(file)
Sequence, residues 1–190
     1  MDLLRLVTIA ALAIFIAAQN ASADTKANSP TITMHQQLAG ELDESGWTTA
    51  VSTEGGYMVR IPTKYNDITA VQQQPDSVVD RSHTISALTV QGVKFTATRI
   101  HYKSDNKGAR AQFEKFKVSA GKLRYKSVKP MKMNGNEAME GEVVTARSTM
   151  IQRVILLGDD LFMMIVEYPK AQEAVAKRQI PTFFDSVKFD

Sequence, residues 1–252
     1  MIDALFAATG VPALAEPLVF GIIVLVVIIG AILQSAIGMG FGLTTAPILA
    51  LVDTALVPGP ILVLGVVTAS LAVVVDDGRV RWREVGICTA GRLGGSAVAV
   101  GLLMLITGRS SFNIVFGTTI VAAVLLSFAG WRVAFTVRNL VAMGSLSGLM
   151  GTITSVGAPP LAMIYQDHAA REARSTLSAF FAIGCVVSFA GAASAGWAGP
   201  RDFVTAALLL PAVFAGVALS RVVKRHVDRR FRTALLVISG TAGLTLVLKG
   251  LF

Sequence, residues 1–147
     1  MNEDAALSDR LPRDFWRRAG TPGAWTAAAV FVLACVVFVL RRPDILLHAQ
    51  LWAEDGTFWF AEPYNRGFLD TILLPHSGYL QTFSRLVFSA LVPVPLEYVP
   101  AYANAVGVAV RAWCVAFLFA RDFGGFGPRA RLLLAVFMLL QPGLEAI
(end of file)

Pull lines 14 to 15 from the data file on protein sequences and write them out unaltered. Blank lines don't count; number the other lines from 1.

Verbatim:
     1  MNEDAALSDR LPRDFWRRAG TPGAWTAAAV FVLACVVFVL RRPDILLHAQ
    51  LWAEDGTFWF AEPYNRGFLD TILLPHSGYL QTFSRLVFSA LVPVPLEYVP